That’s when I saw two tweets by critic Aruna D’Souza that stopped me in my tracks. The first pointed out that Darby English (of the “cowardly” quote) has an influential role at the Hauser & Wirth Institute, where he serves on the advisory board. The second that this international megagallery “represents the Guston estate, and the Guston catalogue raisonné is being done under the auspices of the research center.” (Someone countered that the catalog is being done under the auspices of the Guston Foundation. Either way, Hauser & Wirth represents the estate.) D’Souza added that “4 white curators [and] 12 out of 14 non-Black contributors (one of whom is Dana Schutz), may not be the best people to frame his work at this moment. Yes we may need a Guston show, but not ANY Guston show.” She could have added that all four of the museum directors are white. I completely agreed with her when she told ARTnews that the idea that Guston’s Klan paintings “is work that’s important to see now and all museums have to do is educate audiences [about] why looking at KKK figures is good for them is terribly paternalistic and condescending. At this point, more than ever, it’s important not to tell Black audiences what they should be looking at, but asking them what they want to see.” Amen.

Darren Walker, president of the Ford Foundation, sealed the deal for me. He wrote that it would be “tone deaf” for the show to go on as scheduled. His statement reads, “By not taking a step back to address these issues, the four museums would have appeared tone deaf to what is happening in the public discourse about art.” He added that it would be absurd not to “reconsider” the who and how behind all of this. I decided to pause, shut up, and listen.

Today, I think Storr gets closest to the crux when he’s quoted as saying that the National Gallery has “conspicuously failed to feature many artists of color” and that this is why the museum “cannot explain to those who protect the work on view that the artist who made it was on the side of racial equality.” He finishes, “No wonder they caved to misunderstanding in Trump times.” That, and how protests would reveal that all the organizers of the show and each of the directors are white, makes Storr right.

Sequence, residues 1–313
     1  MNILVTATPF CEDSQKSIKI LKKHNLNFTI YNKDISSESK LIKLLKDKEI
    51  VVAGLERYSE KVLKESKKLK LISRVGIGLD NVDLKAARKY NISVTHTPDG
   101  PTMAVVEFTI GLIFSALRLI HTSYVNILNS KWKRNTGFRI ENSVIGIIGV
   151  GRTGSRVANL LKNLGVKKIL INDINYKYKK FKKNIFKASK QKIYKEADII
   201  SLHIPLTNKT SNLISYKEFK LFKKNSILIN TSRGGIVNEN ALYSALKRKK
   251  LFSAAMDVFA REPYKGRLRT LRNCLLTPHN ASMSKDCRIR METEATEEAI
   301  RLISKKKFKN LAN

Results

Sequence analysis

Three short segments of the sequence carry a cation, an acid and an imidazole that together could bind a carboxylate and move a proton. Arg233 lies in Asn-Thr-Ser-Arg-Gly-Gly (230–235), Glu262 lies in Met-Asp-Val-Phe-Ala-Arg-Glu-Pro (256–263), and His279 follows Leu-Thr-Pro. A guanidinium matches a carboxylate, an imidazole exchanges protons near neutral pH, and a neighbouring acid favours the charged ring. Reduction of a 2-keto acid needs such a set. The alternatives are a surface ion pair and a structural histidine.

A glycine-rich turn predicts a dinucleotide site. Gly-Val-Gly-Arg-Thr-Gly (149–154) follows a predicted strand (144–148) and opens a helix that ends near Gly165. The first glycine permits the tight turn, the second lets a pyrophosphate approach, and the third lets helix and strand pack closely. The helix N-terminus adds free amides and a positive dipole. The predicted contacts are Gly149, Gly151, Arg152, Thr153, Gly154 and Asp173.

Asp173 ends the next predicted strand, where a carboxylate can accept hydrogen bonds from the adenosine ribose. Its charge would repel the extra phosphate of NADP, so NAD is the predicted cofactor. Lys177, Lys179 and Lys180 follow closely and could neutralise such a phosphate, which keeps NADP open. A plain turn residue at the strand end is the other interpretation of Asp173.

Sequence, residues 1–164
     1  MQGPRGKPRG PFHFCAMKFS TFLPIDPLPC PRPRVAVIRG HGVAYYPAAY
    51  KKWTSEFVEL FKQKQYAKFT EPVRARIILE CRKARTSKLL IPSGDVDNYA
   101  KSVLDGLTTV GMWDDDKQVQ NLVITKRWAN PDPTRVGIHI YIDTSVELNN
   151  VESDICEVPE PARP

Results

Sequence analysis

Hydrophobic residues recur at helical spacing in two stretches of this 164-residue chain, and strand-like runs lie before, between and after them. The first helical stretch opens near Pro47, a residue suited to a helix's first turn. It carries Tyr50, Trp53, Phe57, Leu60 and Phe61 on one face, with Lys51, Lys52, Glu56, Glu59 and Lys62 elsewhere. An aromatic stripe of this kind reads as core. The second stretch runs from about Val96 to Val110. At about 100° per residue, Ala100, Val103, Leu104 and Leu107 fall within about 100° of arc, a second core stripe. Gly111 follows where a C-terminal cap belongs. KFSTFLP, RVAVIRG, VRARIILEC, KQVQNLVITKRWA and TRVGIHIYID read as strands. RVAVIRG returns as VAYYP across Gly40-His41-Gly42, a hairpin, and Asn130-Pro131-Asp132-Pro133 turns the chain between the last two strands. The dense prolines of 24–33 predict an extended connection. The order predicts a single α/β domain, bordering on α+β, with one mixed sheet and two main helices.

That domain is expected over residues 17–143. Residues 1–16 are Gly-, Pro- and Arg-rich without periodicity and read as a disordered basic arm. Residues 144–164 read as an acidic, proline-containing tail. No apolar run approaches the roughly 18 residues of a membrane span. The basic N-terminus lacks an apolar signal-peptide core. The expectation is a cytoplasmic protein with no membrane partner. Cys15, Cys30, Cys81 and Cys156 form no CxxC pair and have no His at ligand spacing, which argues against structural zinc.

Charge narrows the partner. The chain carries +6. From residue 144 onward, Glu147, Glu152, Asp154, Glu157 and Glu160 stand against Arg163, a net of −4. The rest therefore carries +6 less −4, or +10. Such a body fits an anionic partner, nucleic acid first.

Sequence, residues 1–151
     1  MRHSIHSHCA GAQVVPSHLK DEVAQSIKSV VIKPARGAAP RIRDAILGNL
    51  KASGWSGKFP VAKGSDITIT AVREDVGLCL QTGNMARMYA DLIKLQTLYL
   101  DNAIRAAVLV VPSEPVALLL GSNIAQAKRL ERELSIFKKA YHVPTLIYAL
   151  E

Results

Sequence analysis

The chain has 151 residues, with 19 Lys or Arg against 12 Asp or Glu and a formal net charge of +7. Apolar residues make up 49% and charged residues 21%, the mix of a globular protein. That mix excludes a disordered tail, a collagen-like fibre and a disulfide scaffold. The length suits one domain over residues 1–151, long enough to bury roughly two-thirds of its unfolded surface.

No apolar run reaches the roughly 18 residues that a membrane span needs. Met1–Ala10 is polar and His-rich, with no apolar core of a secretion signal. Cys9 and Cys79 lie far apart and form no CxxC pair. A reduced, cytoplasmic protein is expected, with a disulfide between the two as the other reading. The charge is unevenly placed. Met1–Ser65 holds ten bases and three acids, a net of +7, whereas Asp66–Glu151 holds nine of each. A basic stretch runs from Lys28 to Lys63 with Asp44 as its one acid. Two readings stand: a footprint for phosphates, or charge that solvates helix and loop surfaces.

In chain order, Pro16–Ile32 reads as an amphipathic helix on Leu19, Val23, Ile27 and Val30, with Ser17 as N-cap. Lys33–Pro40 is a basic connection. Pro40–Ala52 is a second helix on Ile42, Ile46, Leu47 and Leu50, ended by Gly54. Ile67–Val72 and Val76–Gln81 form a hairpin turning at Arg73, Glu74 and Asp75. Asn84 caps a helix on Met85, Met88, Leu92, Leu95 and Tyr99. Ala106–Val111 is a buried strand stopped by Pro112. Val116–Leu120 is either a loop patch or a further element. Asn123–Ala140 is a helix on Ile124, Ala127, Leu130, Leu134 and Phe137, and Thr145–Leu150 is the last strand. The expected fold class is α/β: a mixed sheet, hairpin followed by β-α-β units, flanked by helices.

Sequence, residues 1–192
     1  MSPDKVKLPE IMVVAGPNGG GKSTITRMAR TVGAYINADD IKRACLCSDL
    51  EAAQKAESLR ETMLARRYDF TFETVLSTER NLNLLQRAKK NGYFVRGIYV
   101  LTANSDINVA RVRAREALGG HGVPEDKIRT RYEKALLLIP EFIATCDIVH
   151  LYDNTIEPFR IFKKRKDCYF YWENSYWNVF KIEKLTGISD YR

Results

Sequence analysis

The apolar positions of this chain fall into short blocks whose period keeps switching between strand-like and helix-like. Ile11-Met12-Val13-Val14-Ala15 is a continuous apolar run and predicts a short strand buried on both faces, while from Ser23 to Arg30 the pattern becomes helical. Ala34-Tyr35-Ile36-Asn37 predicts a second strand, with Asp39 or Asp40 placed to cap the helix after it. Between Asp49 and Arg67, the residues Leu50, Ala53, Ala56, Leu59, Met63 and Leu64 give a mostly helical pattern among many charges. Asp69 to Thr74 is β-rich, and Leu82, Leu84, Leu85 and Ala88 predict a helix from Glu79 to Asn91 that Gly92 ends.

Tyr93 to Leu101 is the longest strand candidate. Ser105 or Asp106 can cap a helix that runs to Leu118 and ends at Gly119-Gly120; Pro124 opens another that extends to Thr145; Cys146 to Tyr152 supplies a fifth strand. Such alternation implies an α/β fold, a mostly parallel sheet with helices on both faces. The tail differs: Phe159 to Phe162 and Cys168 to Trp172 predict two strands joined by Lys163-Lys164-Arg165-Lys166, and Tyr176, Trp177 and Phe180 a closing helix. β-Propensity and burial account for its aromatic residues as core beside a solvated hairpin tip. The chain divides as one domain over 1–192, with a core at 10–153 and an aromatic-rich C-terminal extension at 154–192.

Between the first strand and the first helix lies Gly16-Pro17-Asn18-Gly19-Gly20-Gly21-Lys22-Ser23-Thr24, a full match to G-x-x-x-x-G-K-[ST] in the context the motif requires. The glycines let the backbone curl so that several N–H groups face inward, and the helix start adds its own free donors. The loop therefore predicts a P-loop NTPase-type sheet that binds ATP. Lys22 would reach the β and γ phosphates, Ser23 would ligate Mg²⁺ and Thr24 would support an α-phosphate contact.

Many museums have addressed and are addressing internal issues of inequality and structural racism. It is more than ironic that chief among them is the Whitney Museum, yet it has been the most attacked while museums favored by the academy are given a pass. Regardless, many museums have become a little like the current Republican Party, a political party that is now rotten and dying because it never addressed its emphasis on money, power, and privilege; it tolerated racism, lived with and only paid lip service, at most, to issues of race and gender equality without rooting out and repairing its deeper structural racism and sexism. Similarly, too many museums talked about but didn’t make enough hires of minorities in top positions, all while maintaining that their institutions were for everyone and that they were run democratically. This is why these museums chose to virtue signal and postpone the exhibition, seeming to say, “Look how sensitive we are to Black pain and social issues.” Such a postponement was easier than risking being called out or forced to actually change their power structures and hierarchies to make them more diverse. All in positions of authority today — or just those of us with good art-world jobs — face this day of reckoning.

And given this awful, supercharged moment of ascendant hate and racism, I can certainly wait four years to see a group of these paintings. These museums had better have healed themselves by then.

Museums Decided This Work Shouldn’t Be Shown. Why?